[Skip to Content]
Access to paid content on this site is currently suspended due to excessive activity being detected from your IP address Please contact the publisher to request reinstatement.
[Skip to Content Landing]
August 1954


AMA Arch Surg. 1954;69(2):135-139. doi:10.1001/archsurg.1954.01270020001001

THERE is no doubt that the phenomenal scientific and technical advances which have been made in medicine and surgery since the turn of the century offer the patient of today far greater opportunity for effective treatment and cure of serious disease than could have been tendered him in any former period. These numerous and far-reaching developments, and their social and economic significance, as well as their importance to the health of mankind, need not be enumerated to this audience. Obviously we, as members of a profession, are equipped to do a better job both medically and surgically than at any previous time in history, and I am sure that we all strive to utilize fully the therapeutic advantages which are available to our patients of today.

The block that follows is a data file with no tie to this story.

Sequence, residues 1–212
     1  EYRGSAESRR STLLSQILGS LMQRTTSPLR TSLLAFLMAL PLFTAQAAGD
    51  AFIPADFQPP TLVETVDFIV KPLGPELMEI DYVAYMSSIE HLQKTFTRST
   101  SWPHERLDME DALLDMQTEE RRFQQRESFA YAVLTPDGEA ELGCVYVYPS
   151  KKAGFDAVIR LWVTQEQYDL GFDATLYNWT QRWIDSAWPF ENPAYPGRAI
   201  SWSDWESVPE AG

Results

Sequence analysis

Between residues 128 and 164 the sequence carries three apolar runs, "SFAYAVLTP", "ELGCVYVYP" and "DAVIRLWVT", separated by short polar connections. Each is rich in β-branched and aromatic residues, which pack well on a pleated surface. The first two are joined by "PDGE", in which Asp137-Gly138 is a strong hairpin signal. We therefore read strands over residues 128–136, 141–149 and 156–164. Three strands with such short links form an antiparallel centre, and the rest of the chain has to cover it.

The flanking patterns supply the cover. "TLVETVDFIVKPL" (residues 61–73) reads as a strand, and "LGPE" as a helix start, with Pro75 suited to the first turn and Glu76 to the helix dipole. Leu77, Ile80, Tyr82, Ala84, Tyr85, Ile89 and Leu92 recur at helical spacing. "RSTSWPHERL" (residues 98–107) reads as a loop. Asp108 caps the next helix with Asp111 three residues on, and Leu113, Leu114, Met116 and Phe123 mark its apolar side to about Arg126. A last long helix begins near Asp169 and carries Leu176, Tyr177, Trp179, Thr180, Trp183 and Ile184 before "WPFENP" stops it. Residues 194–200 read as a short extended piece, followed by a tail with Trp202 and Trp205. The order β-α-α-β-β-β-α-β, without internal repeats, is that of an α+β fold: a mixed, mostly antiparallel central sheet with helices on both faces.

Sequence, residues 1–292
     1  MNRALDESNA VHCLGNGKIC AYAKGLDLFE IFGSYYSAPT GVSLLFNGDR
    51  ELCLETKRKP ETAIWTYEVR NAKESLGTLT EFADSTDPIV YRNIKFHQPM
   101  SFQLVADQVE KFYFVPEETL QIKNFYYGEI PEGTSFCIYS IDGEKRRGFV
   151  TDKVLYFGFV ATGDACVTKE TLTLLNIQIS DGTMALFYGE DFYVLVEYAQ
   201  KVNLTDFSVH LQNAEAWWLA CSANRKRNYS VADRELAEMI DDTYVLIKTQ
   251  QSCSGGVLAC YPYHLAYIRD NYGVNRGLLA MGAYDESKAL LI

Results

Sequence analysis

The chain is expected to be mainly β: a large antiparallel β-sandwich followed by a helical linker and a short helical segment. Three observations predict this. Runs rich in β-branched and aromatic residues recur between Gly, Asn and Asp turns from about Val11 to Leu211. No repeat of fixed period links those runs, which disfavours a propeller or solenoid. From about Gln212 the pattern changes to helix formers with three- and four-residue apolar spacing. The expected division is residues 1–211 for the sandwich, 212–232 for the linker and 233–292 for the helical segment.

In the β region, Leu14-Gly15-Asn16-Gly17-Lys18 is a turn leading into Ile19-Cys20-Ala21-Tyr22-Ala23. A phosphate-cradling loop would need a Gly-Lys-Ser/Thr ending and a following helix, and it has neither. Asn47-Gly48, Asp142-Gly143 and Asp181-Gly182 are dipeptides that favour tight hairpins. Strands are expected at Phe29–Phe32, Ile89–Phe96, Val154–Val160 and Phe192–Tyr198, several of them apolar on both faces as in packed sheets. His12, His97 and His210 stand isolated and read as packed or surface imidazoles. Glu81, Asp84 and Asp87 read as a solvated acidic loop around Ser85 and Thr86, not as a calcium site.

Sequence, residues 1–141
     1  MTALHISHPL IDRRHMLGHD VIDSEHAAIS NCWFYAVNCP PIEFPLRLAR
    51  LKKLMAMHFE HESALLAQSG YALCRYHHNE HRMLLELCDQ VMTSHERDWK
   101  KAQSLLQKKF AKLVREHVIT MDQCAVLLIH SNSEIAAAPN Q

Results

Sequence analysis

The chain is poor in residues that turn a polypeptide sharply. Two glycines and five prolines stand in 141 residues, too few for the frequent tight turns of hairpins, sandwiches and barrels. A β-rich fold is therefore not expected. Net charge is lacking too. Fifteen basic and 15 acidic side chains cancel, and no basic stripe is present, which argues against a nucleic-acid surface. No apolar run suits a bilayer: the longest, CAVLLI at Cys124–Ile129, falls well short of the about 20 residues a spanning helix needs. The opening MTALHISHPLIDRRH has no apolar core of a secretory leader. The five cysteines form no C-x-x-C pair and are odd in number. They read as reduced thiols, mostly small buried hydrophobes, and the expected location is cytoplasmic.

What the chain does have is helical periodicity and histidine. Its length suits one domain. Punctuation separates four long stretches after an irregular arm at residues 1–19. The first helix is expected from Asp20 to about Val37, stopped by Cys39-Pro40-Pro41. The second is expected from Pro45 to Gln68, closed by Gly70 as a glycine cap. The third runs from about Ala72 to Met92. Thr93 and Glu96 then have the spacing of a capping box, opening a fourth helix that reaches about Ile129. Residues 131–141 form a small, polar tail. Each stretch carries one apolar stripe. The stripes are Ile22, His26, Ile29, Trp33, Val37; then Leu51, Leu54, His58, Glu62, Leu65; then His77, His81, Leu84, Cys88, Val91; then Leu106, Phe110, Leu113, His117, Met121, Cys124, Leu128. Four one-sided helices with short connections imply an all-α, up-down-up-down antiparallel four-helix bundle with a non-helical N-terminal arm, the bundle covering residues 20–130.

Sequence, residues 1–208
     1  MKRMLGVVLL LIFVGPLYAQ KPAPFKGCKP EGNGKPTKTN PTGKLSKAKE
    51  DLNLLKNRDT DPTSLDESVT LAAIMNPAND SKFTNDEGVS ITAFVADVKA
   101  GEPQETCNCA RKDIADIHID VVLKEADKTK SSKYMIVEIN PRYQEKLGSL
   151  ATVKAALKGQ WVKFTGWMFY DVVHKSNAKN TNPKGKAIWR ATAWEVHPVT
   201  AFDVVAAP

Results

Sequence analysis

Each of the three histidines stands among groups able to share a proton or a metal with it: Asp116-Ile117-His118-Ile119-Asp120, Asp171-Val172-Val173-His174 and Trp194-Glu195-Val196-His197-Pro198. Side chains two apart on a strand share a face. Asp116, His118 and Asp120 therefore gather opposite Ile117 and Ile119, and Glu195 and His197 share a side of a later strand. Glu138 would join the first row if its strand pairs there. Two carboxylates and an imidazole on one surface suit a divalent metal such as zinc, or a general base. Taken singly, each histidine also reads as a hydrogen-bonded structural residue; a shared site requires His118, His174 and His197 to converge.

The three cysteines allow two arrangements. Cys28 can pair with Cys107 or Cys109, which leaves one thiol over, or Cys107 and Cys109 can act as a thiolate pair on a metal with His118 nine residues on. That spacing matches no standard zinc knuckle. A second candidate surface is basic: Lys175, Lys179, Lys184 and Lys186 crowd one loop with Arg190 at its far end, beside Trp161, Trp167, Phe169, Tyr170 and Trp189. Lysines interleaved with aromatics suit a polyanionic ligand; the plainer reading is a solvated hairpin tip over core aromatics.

Granting the significance of this scientific and technical upsurge of the past 50 years, yet have we lost anything of value during this period?

First Page Preview View Large
First page PDF preview
First page PDF preview